• Though it's often noted that the boys typically go through the proper channels needed to make their projects technically legal (except for the fort in "Thaddeus and Thor", which is why they immediately took it down after showing it off).
    • Invoked by Doofenshmirtz in "The Beak" when he declares himself supreme leader, hoping that people will be too dumb or lazy to question it. It works, but for entirely other reasons.
    • When passing himself off as an 80's one hit wonder, Lawrence goes from "Who's that?" to "I have all of his albums!" by the time he's crossed the room.
  • Beach Episode: A few times, but thankfully not of the overt fanservice variety. One involves the boys actually making a beach, and a couple where the crew goes to an actual beach for various activities, including trying to find the lost city of Atlantis and saving Buford's fish.
  • Beauty Is Never Tarnished: Gleefully averted with Candace.
    • Also occasionally averted with Isabella and the other Fireside Girls when they have to do any really tough or messy jobs.
  • Be Careful What You Wish For: In "Phineas And Ferb Get Busted", Candace busts Phineas and Ferb on building an unsafe airlift, and their mother sends them away to a reformatory school; at first, Candace is glad they are away, but it is not too long before she begins to miss them. It gets worse when she finds out how the reformatory school is run.
  • Beef Bandage: Doofenshmirtz's Steak Specs in "Comet Kermillian".
  • Beehive Hairdo: Betty Jo Flynn, the titular character's grandmother, sports one of these.
  • Been There, Shaped History: Though not Phineas and Ferb themselves, the Time Shift episode reveals that their ancestors apparently built the wheel, the Great Wall of China, the car, the Panama Canal, and the English language.
  • Behind a Stick:
    • In the "S'Winter" song, two of the Fireside Girls keep appearing from behind Isabella, and vanishing behind her again.
    • Subverted in "That's the Spirit." While running away from the villagers, the were-cow hides behind a pole. While he doesn't completely vanish, it does prove, somehow, effective in that it works.
  • Beneath the Mask: There are plenty of confirmed cases with Perry, Candace, Suzy and Doofenshmirtz: Candace secretly being a Ducky-Momo fan, Suzy being a Clingy Jealous Girl around her brother whilst pretending to be a sweet little girl, Perry.... well what do you think, and Doof trying to be a cool dad for Vanessa.
  • Berserk Button:
    • When any of the Flynn-Fletcher kids are threatened around Perry, his usual lenience goes out the window.
    • Call Buford a wimp/sensitive, and you will receive a painful wet willy.
    • Do not make Baljeet do schoolwork and not give him a grade afterwards.
  • Beta Couple: Stacy and Coltrane to Candace and Jeremy; Ferb and Vanessa to Isabella and Phineas (in that both former characters are exhibiting a one-way crush).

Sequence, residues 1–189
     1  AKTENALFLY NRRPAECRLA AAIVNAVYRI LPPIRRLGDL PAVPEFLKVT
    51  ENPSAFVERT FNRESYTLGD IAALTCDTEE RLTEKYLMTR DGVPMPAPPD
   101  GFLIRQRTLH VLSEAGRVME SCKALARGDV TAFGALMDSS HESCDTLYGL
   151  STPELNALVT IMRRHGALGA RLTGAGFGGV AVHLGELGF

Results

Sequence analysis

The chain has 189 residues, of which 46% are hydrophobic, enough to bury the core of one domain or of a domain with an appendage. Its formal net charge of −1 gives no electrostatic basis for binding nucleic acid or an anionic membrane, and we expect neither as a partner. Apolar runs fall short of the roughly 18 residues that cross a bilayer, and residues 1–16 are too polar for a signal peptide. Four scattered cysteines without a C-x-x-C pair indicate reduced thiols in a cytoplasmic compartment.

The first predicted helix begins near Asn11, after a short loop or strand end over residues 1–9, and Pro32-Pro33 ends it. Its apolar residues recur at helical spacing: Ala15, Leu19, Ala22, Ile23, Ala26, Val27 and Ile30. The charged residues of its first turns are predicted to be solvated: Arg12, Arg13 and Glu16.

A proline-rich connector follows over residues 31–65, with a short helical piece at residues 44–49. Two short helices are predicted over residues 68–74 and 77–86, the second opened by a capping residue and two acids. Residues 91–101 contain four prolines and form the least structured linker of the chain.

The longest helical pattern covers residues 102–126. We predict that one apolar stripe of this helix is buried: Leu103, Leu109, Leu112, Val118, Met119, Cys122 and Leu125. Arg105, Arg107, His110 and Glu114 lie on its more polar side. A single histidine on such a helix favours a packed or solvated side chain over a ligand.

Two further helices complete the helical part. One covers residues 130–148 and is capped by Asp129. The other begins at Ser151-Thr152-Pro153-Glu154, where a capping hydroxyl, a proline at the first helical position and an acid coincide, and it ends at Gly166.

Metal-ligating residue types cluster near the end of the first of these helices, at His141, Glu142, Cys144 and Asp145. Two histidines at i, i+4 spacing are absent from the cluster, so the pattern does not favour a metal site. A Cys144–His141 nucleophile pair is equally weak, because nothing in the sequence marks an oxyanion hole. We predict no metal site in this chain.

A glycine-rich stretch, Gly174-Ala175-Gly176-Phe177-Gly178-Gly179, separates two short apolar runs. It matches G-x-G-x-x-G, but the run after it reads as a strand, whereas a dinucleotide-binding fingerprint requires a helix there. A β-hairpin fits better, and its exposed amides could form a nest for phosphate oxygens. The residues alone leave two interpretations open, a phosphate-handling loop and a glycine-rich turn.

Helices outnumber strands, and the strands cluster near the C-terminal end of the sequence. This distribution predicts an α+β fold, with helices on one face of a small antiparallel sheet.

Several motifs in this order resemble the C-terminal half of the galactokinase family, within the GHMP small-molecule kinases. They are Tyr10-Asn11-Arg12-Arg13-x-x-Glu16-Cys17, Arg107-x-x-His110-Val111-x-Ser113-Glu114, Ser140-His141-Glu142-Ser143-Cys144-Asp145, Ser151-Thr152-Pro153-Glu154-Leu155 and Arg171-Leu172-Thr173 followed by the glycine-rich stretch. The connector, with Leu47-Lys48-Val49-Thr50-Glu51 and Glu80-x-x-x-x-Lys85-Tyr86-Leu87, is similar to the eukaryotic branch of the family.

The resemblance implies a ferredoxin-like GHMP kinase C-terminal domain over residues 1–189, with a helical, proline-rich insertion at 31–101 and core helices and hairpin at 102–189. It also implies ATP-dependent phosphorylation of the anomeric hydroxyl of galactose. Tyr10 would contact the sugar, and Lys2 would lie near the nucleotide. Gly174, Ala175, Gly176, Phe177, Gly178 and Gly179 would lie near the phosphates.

• Better Than a Bare Bulb: From about "Leave the Busting to Us!" onward.
  • Between My Legs: During the end of the musical montage in "Hey Ferb" an entire line of dancers frames Phineas in this way.
  • Beware the Nice Ones:
  • Beware the Silly Ones: Doofenshmirtz in "Quantum Boogaloo".
    • Norm in "Norm Unleashed". SO very much.
  • Big Brother Instinct: Perry has this of some sort for his family. He's usually the most cool-headed secret agent platypus you'll ever meet, but in "Journey to the Center of Candace", when Doofenshmirtz indirectly threatened the lives of the boys, Perry had him chained to a pipe and was calling backup within ten seconds. Take note that under normal circumstances he'd never do that until after Doof was done telling him his plan.
  • Big Damn Heroes:
    • In "Hide and Seek", when Isabella is threatened by the robot sent by Doofenshmirtz, Phineas immediately comes and rescues her.
    • Candace does the part in "The Chronicles of Meap".
    • Being the most action-oriented character, Perry gets to do this a lot. In The Movie, in "Mission Marvel", in both musical clipshows...
    • The more action-packed episodes (such as The Movie and "Mission Marvel") seem fond of scenes where one Big Damn Heroes moment is shortly followed by another. The penultimate battle in "Mission Marvel", for instance, has Baljeet, Phineas and Ferb, Perry, and Doofenshmirtz rescue the captured superheroes before Candace and Isabella arrive to return the superheroes' powers.
    • Major Monogram recruits a rat for this role in "Save Summer", then joins the agents it frees for a second one later on.
  • Big Damn Kiss: Phineas gives one to Isabella in "Act Your Age".
  • Big Eater: Apparently, Buford can down an entire jar of jellybeans in under a second.
  • Bigfoot, Sasquatch and Yeti: Doofenschmirtz uses an -inator to turn himself into one in an episode.
    • The main plot of "Get That Bigfoot Outa My Face!" involves the legend of bigfoot.
  • Bigger on the Inside: Lampshaded in "Out to Launch" in Ferb's mission control building.
  • Big "NO!":